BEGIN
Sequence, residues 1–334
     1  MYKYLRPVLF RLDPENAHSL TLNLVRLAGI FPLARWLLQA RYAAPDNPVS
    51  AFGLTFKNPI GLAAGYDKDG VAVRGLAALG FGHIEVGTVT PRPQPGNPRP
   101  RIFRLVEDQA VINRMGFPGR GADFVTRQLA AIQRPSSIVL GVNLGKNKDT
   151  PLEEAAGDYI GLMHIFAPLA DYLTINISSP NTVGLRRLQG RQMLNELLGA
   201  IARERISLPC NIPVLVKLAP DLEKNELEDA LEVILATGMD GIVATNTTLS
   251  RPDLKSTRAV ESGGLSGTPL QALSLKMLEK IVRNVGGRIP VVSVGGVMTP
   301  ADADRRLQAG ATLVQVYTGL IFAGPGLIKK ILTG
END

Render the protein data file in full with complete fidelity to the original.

Sequence, residues 1–334
     1  MYKYLRPVLF RLDPENAHSL TLNLVRLAGI FPLARWLLQA RYAAPDNPVS
    51  AFGLTFKNPI GLAAGYDKDG VAVRGLAALG FGHIEVGTVT PRPQPGNPRP
   101  RIFRLVEDQA VINRMGFPGR GADFVTRQLA AIQRPSSIVL GVNLGKNKDT
   151  PLEEAAGDYI GLMHIFAPLA DYLTINISSP NTVGLRRLQG RQMLNELLGA
   201  IARERISLPC NIPVLVKLAP DLEKNELEDA LEVILATGMD GIVATNTTLS
   251  RPDLKSTRAV ESGGLSGTPL QALSLKMLEK IVRNVGGRIP VVSVGGVMTP
   301  ADADRRLQAG ATLVQVYTGL IFAGPGLIKK ILTG